Malaysia’s prime minister, Najib Razak, has already spoken with the heads of state of Bangladesh, Turkmenistan, Kazakhstan and India; the foreign ministry has briefed at least 22 countries regarding the new search efforts as well as any additional countries that may be able to provide assistance.

Those countries include Uzbekistan, Pakistan, Kyrgyzstan, Myanmar, Laos, Vietnam, Thailand, Indonesia and Australia, with special assistance regarding satellite data requested from the US, China and France.

Surveillance airplanes and maritime vessels will also be needed in the search for the missing jet along the southern corridor, where the Indian Ocean can reach depths of two miles and radar coverage is patchy at best.

Malaysia Airlines has confirmed that the plane departed for Beijing with enough fuel only to reach its scheduled destination, so it would have been likely to run out after about seven hours’ flight time – if flying at normal cruising altitudes. But with reports emerging that the aircraft may have been flying at altitudes as high as 45,000ft, authorities also confirmed on Sunday that the plane need not have been flying for the duration of the period it was picked up by satellites.

The satellite “pings” that were last read at 8.11am on Saturday – six hours after Malaysian military radar last detected the aircraft over the Malacca strait at 2.15am – could still have been transmitting data from the ground, if the plane were to have landed, said Malaysia’s civil aviation chief, Abdul Rahman.

“The plane can still transmit pings from the ground as long as there is electrical power,” he said.

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China satellites spot suspected Malaysia Airlines plane debris

This aerial picture taken from aboard a Vietnamese Air Force Russian-made MI-171 helicopter shows a ship, as seen from the cockpit, sailing below during a search flight some 200 km over the southern Vietnamese waters off Vietnam’s island Phu Quoc on March 11, 2014 as part of continued efforts aimed at finding traces of the missing Malaysia Airlines MH370.

Chinese satellite images show three floating objects suspected to be debris from the missing Malaysian Airlines flight MH370, according to reports. Coordinates place the fragments in the South China Sea between Malaysia and Vietnam

The three objects are sized 13×18, 14×19, and 24×22 (meters), according to CNN.

The images, from China’s State Administration for Science, Technology and Industry for National Defense, were taken on Sunday morning but only released Wednesday, the BBC reported.

Flight MH370 went missing on Saturday morning local time. The China-bound plane left Kuala Lumpur, Malaysia with 239 people on board. The plane lost communication about an hour after taking flight.

If the location holds true, it would indicate that the plane crashed not far from the last confirmed radar contact with MH370. It would also contradict reports this week that the plane had turned around, heading back to Malaysia as far as the Strait of Malacca.

“It also ties in with an earlier claim from an oil rig worker who claimed he saw a plane on fire over the South China Sea, southeast of Vietnam,” the Guardian wrote.

Malaysian authorities who met with the relatives of the flight’s passengers on Wednesday told them that the last radio transmission from MH370 was either “All right, roger that,” or “All right, good night,” according to different reports.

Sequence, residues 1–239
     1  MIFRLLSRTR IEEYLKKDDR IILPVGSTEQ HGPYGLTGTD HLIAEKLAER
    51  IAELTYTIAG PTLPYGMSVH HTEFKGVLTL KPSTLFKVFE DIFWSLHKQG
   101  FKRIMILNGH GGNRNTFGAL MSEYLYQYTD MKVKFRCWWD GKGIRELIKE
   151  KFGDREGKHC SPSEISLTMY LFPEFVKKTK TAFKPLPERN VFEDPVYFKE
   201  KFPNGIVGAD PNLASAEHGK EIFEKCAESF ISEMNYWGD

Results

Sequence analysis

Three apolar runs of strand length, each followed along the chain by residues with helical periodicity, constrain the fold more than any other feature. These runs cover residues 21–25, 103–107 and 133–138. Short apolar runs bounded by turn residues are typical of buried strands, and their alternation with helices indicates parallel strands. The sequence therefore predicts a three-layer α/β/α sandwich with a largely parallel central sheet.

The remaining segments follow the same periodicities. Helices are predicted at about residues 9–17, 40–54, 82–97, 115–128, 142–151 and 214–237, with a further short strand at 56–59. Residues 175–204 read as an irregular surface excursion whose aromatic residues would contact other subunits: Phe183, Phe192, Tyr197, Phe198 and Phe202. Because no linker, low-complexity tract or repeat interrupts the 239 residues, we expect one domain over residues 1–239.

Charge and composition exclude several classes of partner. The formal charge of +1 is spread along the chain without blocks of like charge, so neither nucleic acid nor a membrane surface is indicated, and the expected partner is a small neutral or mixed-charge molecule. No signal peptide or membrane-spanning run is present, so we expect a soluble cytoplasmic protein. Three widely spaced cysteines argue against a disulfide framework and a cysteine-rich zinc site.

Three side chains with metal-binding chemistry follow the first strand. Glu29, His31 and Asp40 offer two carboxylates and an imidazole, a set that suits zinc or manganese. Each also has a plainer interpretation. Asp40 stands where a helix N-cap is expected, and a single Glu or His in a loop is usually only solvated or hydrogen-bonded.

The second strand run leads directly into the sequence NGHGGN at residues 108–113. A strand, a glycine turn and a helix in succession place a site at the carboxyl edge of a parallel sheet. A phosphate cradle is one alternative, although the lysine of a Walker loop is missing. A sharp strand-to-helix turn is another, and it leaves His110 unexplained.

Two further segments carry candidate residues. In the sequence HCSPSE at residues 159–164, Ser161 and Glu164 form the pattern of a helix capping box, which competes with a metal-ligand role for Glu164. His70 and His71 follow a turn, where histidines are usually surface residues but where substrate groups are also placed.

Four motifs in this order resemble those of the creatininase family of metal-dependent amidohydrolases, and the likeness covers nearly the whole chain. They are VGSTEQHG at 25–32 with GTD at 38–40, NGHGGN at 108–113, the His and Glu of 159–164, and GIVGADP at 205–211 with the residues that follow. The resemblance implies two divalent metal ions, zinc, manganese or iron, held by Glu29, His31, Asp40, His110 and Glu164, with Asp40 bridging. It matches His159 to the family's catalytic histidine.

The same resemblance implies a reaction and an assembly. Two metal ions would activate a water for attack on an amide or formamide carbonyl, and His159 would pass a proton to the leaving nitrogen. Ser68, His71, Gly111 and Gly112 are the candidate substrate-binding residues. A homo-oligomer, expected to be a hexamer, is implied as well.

RT News.

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Confusion grows over missing Malaysian Airlines plane

Last Updated Mar 12, 2014 2:43 AM EDT

The mystery over the fate of Malaysian Airlines Flight 370 became even more convoluted Wednesday when Malaysia’s air force chief denied earlier remarks that the missing plane had reversed direction and reached the Strait of Malacca before vanishing.

The Boeing 777 was traveling from Kuala Lumpur, Malaysia, to Beijing with 239 people on board when air traffic controllers lost contact with it. Five days later, officials seem to have no idea where the plane may have ended up.

Malaysian air force chief Gen. Rodzali Daud was quoted as saying in local media report Tuesday that the military had radar data showing the plane had turned back from its original course, crossed the country and made it to the Strait of Malacca to the west of Malaysia. The Associated Press said it contacted a high-level military official, who confirmed the remarks.

But on Wednesday, Daud issued a statement denying that he had said any such thing.

“I wish to state that I did not make any such statements,” he said.

Instead, he reiterated a comment from Sunday, when he said that the air force had “not ruled out the possibility” that the plane had turned back. But Daud said there was no evidence the jetliner had reached the Strait of Malacca.

Separately, a senior Malaysia Airlines executive told the Reuters news service Wednesday the carrier has “no reason to believe” anything the plane’s crew did led to its disappearance.

Hugh Dunleavy, the commercial director of Malaysia Airlines, said in an interview, “We have no reason to believe that there was anything, any actions, internally by the crew that caused the disappearance of this aircraft.”

Authorities began their search for the missing aircraft at the position it was last reported to be over the sea between Malaysia and Vietnam. But they have also said search operations were ongoing in the Malacca strait.

With no debris found yet, authorities have not ruled out any possible cause, including mechanical failure, pilot error, sabotage or terrorism.

Crews from several nations, including the United States, have been scouring the area for any sign of the missing plane. On Wednesday, Vietnam said it was scaling back its search in its waters.

China, however, said it would add two planes to the rescue mission and would broaden its search to include land areas.

Earlier, investigators had focused on two passengers who were traveling on stolen passports. But authorities later identified the two men as Iranians with no apparent ties to terrorism. They bought their tickets through an Iranian middleman and were both scheduled to fly on to Europe, where investigators believe they planned to seek asylum.

via Confusion grows over missing Malaysian Airlines plane – CBS News.